Unique, rare and historic Dessert Wines – Also know as ‘sweeties’ from all corners of the earth including the illustrious Château d’Yquem of Sauternes, France, the illusive Klein Constantia Vin de Constance Constantia (my first time ever tasting such nectar!), the underestimated Quinta do Noval Vintage Port 2001 and the rarest Royal Tokaji Tokaji Aszú 6 Puttonyos Betsek 2008.
Wine Spectator’s 2015 Top 10 Wines of the Year – At no other time will you ever see these wines and their producers in the same room together presenting their wines like this! These wines are actually split into two seminars where you taste wines 6-10 on the first day and wines 1-5 on the second morning.
Global Pinot Noir – Representing Eola-Amity Hills in Oregon, Russian River Valley in California, Corton from Burgundy, France and Central Otago on the South Island in New Zealand.
France’s Château Lafite Rothschild – A vertical offering of six different vintages from one of Bordeaux’s most famous first-growth châteaux.
Between seminars are wine region sponsored luncheons, food and wine pairing challenges from Star Chefs and wine critics alike and brief Wine Star presentations highlighting great wines by renowned vintners from around the globe, each a star in the world of wine. Trudie Styler was one such presenter this year, representing her biodynamic winery Il Palagio located in Tuscany. The wine she poured was called ‘Sister Moon,’ named in reference to the same named song penned by her husband singer/songwriter Sting. This Super Tuscan blend was the first wine ever produced at Il Palagio under the direction of Trudie and Sting after they acquired and lovingly restored the property in 1999. As a great surprise to all of us, Sting also made a brief appearance on stage in order to perform his apropos hit ‘Message in a Bottle.’ (Click here to view!)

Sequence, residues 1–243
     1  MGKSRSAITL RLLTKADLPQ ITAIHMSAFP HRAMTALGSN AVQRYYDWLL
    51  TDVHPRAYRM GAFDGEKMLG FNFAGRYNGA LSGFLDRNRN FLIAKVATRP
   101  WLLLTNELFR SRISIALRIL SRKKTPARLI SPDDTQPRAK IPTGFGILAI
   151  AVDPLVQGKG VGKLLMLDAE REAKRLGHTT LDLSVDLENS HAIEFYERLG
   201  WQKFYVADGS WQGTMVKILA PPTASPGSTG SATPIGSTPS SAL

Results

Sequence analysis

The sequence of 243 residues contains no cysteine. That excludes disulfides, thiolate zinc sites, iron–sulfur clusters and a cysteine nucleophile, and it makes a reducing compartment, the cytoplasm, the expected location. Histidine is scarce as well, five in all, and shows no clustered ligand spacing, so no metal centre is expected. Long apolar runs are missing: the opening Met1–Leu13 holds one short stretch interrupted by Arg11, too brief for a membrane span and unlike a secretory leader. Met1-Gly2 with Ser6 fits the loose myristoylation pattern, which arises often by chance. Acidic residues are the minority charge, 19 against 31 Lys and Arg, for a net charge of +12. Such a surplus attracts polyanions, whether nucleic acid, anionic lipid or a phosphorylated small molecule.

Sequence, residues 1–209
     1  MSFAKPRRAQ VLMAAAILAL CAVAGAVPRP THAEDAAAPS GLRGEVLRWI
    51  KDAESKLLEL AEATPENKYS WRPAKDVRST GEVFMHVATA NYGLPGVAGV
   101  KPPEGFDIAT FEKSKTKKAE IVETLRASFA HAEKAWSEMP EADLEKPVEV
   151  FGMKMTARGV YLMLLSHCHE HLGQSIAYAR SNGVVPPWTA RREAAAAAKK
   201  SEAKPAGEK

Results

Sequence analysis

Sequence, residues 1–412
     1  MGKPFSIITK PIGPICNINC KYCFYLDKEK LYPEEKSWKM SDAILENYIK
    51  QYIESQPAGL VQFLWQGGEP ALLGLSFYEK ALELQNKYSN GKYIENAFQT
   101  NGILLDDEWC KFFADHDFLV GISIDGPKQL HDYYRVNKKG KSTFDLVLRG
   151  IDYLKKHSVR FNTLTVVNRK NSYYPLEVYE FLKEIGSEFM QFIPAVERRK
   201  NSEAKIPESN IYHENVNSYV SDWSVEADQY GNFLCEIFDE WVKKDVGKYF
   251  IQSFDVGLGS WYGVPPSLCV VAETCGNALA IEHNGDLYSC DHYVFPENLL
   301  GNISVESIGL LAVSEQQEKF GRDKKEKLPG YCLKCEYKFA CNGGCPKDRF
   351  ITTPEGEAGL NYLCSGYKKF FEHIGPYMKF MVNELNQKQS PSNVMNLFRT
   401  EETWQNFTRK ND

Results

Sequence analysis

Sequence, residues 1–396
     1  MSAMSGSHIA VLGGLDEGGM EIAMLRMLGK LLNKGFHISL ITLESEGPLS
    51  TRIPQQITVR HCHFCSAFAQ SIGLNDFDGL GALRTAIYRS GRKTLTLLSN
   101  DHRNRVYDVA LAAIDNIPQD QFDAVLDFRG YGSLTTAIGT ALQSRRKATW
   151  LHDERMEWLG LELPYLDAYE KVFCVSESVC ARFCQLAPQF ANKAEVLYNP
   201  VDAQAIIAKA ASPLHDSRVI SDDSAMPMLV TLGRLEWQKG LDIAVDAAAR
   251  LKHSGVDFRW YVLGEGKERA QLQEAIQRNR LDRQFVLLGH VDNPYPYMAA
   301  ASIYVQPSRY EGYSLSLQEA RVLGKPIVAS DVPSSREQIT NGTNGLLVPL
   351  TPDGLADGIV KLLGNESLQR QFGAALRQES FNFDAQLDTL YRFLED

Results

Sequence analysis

The weekend culminates with a lavish black-tie Grand Award banquet that honors any new restaurant recipients of the ‘Grand Award’ and their story of how they achieved such success. It also highlights those we have lost in the past year that made an impact on the wine business at some point in their lifetime. This year’s Distinguished Service Award was presented to Mel Dick, President of the Wine Division for Southern Glazer’s Wine & Spirits, for his decades of work on behalf of wine education. Once the formalities were finished, attendees then got to enjoy the rockin’ live music of Huey Lewis and the News (and another Sting appearance!).
If you are not familiar with the Wine Spectator Restaurant Awards program, you will be thrilled to know that many of our fabulous restaurants on Nantucket have been awarded these prestigious awards. Sommeliers and wine directors must submit their wine list and current menus every year in order to continue to receive such a heralded accolade.
Restaurants on Nantucket that have earned a Wine Spectator Award
Grand Award: (only 87 awarded in the entire world)
Topper’s at the Wauwinet
Best of Award of Excellence:
The Brant Point Grill
Award of Excellence:
The Proprietors Bar & Table